Freedom of speech and freedom of the press are guaranteed by our nation’s Constitution, but according to the New Mexico Foundation for Open Government, those rights are constantly under attack.

“We’re always fighting this battle, and we have to be vigilant,” the nonprofit’s executive director, Susan Boe, said Friday. Referring to “Don’t Stop the Presses,” a film screening and panel discussion the group will host Monday in Santa Fe, she said, “This is to raise awareness about it.”

The event at the Jean Cocteau Cinema will feature a 55-minute film, The Sun Never Sets — a 2012 documentary about the relentless investigative reporting at Espanola’s Rio Grande Sun weekly newspaper, which was recently the target of an arson attack. The film will be followed by panel discussion featuring the film’s writer, director and producer, Ben Daitz; The Sun’s editor and owner, Bob Trapp; Santa Fe New Mexican editor Ray Rivera and the foundation’s president, Greg Williams.

Daitz, a physician and university professor based in Corrales, said he started reading the Sun years ago and was impressed that the small-town paper was covering the news as well as it did.

Boe said barriers to free speech and freedom of the press are “all over the map” in the state of New Mexico, literally and figuratively.

Boe said the foundation receives between 200 and 300 calls on its hotline each year from citizens, businesses, news media and even public officials across the state seeking help accessing records or public meetings, or to complain that they were denied access.

Some of the most common complaints, Boe said, are that public agencies are unresponsive to requests for public information, that the requested information is not delivered in a timely manner, that documents are withheld under vague exceptions to open-government laws, and that items discussed or acted upon weren’t included on an agenda for a public meeting or are not state clearly enough for the public to know what is being discussed.

Boe said her organization also hears from journalists that public information officers misinterpret state laws that allow them up to 15 days to deliver information, using the statutory maximum as an excuse to delay releasing information that should be released immediately. She also hears from citizens in rural areas where elected officials treat the local government like it is their “own private kingdom.”

In many cases, Boe said, the foundation simply tries to help people access the information they seek. Sometimes the foundation writes letters lambasting public entities for alleged violations. In some cases, it joins with journalists or citizens to sue the agencies blocking access.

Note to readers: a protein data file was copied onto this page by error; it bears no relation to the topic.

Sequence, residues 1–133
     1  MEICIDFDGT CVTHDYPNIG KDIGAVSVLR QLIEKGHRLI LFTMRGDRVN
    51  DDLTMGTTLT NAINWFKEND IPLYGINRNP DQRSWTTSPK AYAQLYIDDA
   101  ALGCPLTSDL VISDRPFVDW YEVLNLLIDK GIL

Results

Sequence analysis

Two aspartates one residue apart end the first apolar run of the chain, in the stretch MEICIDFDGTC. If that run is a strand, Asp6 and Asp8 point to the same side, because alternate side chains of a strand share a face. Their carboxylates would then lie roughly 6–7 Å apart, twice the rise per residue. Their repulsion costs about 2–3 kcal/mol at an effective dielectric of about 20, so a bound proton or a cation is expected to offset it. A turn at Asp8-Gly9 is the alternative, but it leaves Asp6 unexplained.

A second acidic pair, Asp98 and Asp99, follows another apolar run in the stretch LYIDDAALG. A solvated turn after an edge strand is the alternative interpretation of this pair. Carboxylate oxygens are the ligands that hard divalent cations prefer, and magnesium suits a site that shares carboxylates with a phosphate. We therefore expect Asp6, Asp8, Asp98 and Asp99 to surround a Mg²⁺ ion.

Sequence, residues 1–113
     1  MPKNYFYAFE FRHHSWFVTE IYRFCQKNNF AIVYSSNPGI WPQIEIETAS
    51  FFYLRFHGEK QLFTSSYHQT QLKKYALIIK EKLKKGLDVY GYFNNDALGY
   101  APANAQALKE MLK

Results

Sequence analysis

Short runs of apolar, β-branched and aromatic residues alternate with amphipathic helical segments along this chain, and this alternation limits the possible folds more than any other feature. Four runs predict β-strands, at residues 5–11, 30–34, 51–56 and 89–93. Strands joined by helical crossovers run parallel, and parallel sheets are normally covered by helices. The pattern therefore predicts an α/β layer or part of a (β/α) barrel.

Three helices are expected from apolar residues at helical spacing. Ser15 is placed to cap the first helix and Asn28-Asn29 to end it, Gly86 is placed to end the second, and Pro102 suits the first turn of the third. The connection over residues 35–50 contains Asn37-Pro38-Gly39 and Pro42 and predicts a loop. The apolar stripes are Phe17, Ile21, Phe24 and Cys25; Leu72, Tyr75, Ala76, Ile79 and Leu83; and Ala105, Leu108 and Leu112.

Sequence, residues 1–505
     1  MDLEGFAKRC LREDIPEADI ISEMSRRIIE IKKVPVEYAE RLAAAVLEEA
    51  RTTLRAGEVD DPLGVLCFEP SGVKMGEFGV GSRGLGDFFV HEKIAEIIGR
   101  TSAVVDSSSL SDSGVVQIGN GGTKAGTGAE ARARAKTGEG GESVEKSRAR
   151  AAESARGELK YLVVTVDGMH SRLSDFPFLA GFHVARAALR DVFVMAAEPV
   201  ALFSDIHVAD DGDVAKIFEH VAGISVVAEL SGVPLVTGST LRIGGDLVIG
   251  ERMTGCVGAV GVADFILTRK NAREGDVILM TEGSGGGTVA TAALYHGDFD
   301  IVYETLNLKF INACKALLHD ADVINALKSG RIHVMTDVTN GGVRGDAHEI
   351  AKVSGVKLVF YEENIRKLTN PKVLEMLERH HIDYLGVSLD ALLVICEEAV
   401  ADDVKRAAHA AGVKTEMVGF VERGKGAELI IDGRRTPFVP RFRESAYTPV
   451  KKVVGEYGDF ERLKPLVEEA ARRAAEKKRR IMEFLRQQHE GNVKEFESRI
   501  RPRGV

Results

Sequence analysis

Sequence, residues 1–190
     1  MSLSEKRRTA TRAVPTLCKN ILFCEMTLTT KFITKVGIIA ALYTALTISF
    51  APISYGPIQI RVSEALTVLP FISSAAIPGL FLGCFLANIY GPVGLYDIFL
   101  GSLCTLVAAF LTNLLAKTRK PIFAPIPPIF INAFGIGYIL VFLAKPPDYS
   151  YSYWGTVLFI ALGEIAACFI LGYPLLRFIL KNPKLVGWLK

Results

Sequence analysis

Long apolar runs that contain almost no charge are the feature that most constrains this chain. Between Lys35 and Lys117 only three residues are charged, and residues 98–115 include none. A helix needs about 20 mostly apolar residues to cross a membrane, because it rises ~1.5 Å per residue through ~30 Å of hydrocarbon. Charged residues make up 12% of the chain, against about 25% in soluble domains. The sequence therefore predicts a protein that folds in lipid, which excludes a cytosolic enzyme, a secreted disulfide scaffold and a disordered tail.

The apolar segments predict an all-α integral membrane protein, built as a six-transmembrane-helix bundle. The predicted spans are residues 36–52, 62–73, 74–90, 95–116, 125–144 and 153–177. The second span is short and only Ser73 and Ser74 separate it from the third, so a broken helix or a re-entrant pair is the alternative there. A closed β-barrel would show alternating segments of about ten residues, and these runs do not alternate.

The foundation recently joined forces with freelance journalist Peter St. Cyr in a lawsuit that seeks to force the state Department of Health to release the names of people who hold or have applied for one of a very limited number of licenses to produce marijuana for the state’s medical cannabis patients.

“We’ve been beating the drum on that issue for a few years,” said Boe, adding that the foundation could file a lawsuit every day if it had the resources. Since it doesn’t have unlimited resources, the organization tries to take on cases that are representative of bigger problems.

In the Department of Health case, for example, Boe said the larger issue is that government agencies sometimes take it upon themselves to write regulations that keep information secret when there is no law protecting the information from disclosure.

Boe said a violation of the state’s Open Meetings Act can be considered a misdemeanor that carries the possible penalty of a $500 fine, but prosecution is rare.

Violation of the state Inspection of Public Records Act carries the potential for a more expensive penalty, Boe said, because violators can be ordered to pay up to $100 a day plus attorney’s fees. But what usually happens, she said, is that the violator will receive a letter from the Attorney General’s Office about the matter.

“So there is public humiliation,” Boe said. “But we’d like to see more teeth in the law.” For example, she said, the foundation would like violators be required to educate their employees about the law.

Boe declined to give a grade to Gov. Susana Martinez, who promised while campaigning to maintain government transparency but whose administration has since been sued more than once over alleged violations of the Inspection of Public Records Act. “We’ve had some issues with her,” Boe said, “and we’ve also had some good breakthroughs with her.”

A spokeswoman for the Attorney General’s Office said the agency received 33 complaints regarding Open Meetings Act violations this year and 40 complaints involving the Inspection of the Public Records Act. She couldn’t immediately say how many of the cases had resulted in a finding that the law was violated.

Proceeds from Monday’s event will benefit the Foundation for Open Government.

Contact Phaedra Haywood at 986-3068 or Follow her on Twitter at @phaedraann.

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